Browsing by Subject "riekko"

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  • Puljujärvi, Matti (Helsingin yliopisto, 2021)
    The effects of reindeer fences on wildlife is known, but less studied phenomenon. The aim of this study was to gather information about collision rate and mortality of grouses, more closely on willow grouse, capercaillie and black grouse, due to reindeer fences. In the study there were 139 kilometres of reindeer fence in six different locations in Lapland, Finland. In two of these locations there were marking treatment of fences with yellow and black plastic tubes with two different densities. In four locations, fences were marked with 50 mm of LPDE plastic stripes in yellow, blue, orange and reflecting aluminium. The study was conducted between May/2014 – June/2015. The fences were patrolled once a month. The observations included dead grouses hanging in the fence or corpses nearby the fence. Also, indirect collision evidence, such as feathers in the fence was included to observations. During the study year 330 collisions were observed. The first two months of observations were removed from the analysis due to uncertainty of the timing of collisions. Also, one of the locations were removed because of unregular patrolling. Therefore, the study consists total of 154 observations. The study included untreated fences as control parts. Depending on the location, 0,3-1,9 collisions per kilometres per year in the control part were observed. Corpses of 73 grouses were found. In 81 cases, collision evidence was found but the grouses were disappeared, and therefore survival or injuries of the grouses could not be confirmed. Based on variance analysis, marking of fences did not reduce collisions. By using QGIS and R, GPS-information of collision points were combined and studied with parameters of site classification, forest height, DTW-moisture index and elevation model, available from open data sources of Natural Resources Institute Finland and National Land Survey of Finland. The effects of the parameters to the collision points were studied within radiuses of 50, 100 and 300 metres. Statistical methods of R and Bayes were used to study interactions of the parameters to the collision risk. The effect of site classification on the collision risk was not as strong as expected. On the other hand, DWT-moisture index predicted increasing collision risk depending on location. Based on Bayes statistics, yellow stripe marking had the greatest likelihood to reduce collision risk and more dense tube marking was more effective to reduce collision than less dense marking. Based on results of this study, reindeer fences are mortality factor for grouses and especially locally reindeer fences can be significant mortality factor. Marking method should be inexpensive, durable to weather conditions, and provably reducing collisions, if applied widely. Advancing tube marking development could be a solution. Based on one-year study it is not possible to get information about year to year fluctuations of grouse population densities and its significance and influence in collision density. Therefore, more long-term studies are required.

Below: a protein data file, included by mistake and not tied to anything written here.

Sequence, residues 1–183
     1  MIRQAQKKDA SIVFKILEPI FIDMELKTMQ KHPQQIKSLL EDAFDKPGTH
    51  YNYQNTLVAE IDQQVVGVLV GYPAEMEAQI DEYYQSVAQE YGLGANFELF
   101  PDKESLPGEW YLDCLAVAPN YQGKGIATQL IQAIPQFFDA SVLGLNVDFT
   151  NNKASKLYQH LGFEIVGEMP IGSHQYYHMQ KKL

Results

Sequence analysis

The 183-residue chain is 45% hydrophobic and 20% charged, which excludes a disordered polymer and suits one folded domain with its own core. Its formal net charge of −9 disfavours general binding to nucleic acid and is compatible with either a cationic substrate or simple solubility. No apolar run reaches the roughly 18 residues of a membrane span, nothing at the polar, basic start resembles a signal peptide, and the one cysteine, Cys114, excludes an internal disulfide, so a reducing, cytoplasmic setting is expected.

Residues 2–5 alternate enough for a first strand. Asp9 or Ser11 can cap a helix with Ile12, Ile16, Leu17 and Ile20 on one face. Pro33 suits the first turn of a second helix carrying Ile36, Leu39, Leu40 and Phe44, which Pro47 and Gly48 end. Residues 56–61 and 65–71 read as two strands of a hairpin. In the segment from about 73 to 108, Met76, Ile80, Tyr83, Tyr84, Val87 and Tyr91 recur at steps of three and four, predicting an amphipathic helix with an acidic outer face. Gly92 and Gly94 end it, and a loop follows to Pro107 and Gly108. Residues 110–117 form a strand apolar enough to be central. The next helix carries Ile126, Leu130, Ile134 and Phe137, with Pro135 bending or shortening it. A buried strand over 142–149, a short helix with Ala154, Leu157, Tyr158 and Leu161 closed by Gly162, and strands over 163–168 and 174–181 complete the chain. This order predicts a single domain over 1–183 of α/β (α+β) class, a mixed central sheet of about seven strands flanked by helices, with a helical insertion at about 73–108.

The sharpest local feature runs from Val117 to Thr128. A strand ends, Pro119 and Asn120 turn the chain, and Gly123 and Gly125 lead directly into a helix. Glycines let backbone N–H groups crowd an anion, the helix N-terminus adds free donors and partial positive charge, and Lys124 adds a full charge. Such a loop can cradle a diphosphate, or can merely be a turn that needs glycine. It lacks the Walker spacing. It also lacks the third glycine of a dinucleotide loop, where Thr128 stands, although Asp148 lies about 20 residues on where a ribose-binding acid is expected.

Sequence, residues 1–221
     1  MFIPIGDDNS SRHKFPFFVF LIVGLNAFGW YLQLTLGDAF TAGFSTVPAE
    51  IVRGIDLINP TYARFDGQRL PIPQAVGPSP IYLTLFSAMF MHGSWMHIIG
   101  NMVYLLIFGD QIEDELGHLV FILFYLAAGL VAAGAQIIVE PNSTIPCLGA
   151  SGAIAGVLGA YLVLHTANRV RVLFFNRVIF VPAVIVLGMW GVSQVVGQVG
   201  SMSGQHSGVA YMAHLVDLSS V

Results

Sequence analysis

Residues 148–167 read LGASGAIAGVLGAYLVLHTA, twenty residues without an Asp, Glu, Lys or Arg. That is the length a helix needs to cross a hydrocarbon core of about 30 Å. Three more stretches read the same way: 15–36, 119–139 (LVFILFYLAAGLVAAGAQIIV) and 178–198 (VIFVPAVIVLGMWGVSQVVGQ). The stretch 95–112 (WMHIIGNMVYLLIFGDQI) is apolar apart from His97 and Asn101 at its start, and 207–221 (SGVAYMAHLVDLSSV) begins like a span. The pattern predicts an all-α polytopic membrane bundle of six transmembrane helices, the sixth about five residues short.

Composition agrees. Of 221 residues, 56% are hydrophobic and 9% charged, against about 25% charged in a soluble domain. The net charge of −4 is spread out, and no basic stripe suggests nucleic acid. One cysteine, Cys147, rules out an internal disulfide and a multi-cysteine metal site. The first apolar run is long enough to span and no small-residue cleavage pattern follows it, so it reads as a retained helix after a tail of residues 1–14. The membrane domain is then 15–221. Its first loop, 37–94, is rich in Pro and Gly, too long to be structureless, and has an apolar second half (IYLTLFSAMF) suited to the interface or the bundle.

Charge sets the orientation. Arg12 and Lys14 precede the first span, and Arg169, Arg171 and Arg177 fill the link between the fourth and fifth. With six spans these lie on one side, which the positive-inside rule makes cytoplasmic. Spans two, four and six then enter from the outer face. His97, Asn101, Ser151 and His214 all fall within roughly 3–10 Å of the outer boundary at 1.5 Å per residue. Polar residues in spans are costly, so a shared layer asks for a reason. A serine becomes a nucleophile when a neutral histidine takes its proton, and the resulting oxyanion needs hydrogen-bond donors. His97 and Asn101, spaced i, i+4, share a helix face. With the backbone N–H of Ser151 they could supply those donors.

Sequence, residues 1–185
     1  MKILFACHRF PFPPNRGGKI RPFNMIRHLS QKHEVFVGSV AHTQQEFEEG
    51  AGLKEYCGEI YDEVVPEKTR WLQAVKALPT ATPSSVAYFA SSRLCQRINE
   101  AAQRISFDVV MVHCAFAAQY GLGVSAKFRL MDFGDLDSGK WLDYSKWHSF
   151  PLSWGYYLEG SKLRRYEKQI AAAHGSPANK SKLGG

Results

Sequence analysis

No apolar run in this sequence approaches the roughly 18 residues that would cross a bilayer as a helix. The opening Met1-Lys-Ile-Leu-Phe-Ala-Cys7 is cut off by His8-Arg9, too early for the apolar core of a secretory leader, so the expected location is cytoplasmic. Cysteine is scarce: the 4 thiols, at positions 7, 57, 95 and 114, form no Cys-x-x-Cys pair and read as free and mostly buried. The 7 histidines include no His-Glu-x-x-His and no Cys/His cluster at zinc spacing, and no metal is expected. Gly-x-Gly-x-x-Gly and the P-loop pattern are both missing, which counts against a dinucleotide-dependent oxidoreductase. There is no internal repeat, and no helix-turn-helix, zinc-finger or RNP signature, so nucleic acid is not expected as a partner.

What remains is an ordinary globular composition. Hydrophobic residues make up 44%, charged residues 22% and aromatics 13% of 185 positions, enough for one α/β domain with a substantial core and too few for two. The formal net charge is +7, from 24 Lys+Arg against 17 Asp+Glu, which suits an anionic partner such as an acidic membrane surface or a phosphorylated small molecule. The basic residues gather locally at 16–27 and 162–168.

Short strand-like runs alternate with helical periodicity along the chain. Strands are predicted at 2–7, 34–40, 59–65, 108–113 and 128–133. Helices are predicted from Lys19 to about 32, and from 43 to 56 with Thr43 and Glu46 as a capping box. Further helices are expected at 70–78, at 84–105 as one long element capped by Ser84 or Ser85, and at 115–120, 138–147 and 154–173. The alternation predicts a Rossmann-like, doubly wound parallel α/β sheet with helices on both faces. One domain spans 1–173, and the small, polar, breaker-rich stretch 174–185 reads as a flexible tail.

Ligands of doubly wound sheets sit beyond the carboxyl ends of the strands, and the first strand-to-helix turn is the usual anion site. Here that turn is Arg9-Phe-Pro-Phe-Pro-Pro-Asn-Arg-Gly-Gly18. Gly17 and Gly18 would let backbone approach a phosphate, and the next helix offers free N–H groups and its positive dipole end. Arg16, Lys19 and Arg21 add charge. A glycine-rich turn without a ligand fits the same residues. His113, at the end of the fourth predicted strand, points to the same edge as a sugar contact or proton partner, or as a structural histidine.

• Kosonen, Oma (University of Helsinki, 1958)